Question: There are several priority queue implementations listed on Wikipedia, along with amortized complexities of each of their basic operations:enter image description here Does anyone know of an implementation in which the known upper bounds for both the find-min and delete-min operations are $o(\log n)$?

Motivation: This paper describes an implementation of Dijkstra's algorithm that uses an abstract priority queue, as well as its computational complexity for various specific implementations of priority queues. I've tried to generalize their growth order computation as follows. If we let:

  • $\mathfrak m$ denote the growth order of the complexity of find-min
  • $\mathfrak r$ denote the growth order of the complexity of delete-min
  • $\mathfrak i$ denote the growth order of the complexity of insert
  • $\mathfrak d$ denote the growth order of the complexity of decrease-key
  • $\mathfrak e$ denote an asymptotic upper bound on the number of edges of a certain family of graphs as a function of the number of vertices
  • $\mathfrak n$ denotes linear growth order, i.e. $\mathcal O(n)$

then if I'm not mistaken, the growth order of the complexity of performing Dijkstra's algorithm on a graph from the specified family of graphs, as a function of the number of vertices of that graph, would be bounded above by the growth order $$\mathfrak n \cdot (\mathfrak m + \mathfrak r) + \mathfrak n\mathfrak i + \mathfrak e \cdot \mathfrak d$$ For Fibonacci trees, for instance, we would have $\mathfrak m, \mathfrak i, \mathfrak d$ all equal to constant growth order, and $\mathfrak r$ equal to logarithmic growth order $\mathfrak l$, in which case the above expression becomes $\mathfrak{n\cdot l} + \mathfrak{e}$, in agreement with $\mathcal O(n\log n + m)$, in agreement with the paper.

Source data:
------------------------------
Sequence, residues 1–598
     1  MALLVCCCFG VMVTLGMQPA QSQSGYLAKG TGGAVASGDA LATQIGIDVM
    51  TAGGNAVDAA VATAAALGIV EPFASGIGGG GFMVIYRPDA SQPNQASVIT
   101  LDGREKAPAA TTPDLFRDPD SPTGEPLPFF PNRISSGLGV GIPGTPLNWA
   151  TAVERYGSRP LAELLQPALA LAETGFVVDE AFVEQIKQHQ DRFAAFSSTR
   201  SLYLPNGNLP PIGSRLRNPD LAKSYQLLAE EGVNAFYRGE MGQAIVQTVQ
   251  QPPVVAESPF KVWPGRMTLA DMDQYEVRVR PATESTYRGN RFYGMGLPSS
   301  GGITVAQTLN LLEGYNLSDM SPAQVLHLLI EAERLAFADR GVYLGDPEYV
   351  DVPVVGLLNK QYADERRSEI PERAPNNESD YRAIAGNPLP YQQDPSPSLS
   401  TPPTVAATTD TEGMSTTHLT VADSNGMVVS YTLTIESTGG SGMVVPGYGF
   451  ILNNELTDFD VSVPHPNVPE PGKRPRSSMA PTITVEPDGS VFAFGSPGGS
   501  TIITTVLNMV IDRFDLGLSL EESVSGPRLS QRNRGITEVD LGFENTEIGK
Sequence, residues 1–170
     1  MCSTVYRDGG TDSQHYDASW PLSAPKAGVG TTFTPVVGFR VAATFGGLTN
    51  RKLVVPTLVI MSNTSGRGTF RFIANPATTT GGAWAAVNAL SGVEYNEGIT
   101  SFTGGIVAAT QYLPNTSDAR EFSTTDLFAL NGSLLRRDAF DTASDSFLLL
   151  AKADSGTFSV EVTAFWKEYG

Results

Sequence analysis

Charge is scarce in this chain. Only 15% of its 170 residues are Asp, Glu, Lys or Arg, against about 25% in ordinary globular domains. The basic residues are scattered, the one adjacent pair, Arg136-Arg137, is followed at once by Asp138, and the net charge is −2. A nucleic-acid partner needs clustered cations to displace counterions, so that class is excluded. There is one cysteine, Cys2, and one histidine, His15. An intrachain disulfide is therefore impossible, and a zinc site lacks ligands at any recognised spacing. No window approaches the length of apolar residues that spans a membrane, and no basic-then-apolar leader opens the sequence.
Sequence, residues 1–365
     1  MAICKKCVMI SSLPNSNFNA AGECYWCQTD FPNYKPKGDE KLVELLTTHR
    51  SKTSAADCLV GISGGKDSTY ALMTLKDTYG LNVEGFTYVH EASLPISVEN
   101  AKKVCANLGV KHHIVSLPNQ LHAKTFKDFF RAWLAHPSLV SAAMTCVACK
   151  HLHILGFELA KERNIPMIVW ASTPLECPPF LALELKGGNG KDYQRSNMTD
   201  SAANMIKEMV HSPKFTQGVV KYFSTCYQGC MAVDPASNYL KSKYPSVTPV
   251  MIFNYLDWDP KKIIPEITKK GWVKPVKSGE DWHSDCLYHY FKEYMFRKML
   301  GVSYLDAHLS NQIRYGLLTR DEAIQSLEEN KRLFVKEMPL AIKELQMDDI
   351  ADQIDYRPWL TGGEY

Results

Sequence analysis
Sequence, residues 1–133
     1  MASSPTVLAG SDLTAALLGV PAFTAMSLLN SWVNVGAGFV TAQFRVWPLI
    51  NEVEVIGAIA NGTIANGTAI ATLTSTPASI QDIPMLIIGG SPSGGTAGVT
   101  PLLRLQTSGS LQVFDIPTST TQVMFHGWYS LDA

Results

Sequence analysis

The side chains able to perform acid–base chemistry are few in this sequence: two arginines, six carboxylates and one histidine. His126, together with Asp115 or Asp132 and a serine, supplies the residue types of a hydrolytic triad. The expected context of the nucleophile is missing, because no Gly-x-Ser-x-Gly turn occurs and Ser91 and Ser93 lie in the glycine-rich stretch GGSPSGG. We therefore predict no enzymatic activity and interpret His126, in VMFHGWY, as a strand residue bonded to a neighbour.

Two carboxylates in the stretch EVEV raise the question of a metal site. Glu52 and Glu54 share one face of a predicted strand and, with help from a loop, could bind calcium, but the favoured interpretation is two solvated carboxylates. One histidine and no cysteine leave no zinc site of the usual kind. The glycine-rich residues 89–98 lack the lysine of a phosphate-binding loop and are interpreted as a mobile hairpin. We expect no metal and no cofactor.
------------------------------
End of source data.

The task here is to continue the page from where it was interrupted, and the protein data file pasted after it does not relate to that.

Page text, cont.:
After computing this growth order for some of the other priority queue implementations, it seems like the most costly term for sparse graphs, in particular graphs in which the number of edges is $o(n\log n)$ in the number of vertices, is the contribution from the find-min and delete-min operations. Only if these operations are both (amortized) $o(n\log n)$ can we get the overall complexity of Dijkstra below $o(n\log n)$ for this family of graphs - hence my curiosity about whether there is an implementation of priority queues in which both complexities have a known upper bound that is $o(n\log n)$.

  • 2
    $\begingroup$ What are your requirements on the running time of insert? It is trivial to achieve the desired time bounds if you allow each insert to take $O(n)$ time. $\endgroup$
    – D.W.
    Commented May 21, 2023 at 21:23
  • $\begingroup$ @D.W. Good point. Ideally, we would have all of find-min, delete-min, insert and decrease-key with known upper bounds that are all $o(\log n)$. Intuitively, it feels like there should be a way to take something like, say, a fibonacci heap and "sacrifice a little bit of efficiency" from the operations other than delete-min in order to bring delete-min just barely under $\mathcal O(\log n)$. $\endgroup$ Commented May 22, 2023 at 1:45

1 Answer 1


It is trivial to build a heap where insert takes $O(n)$ time and find-min and delete-min take $O(1)$ time: simply store all the numbers in a linked list in sorted order.

It is not possible to build a heap where insert and delete-min both take $o(\log n)$ time, using only comparison operators, as this would imply a $o(n \log n)$-time comparison-based sorting algorithm, which is known to be impossible.


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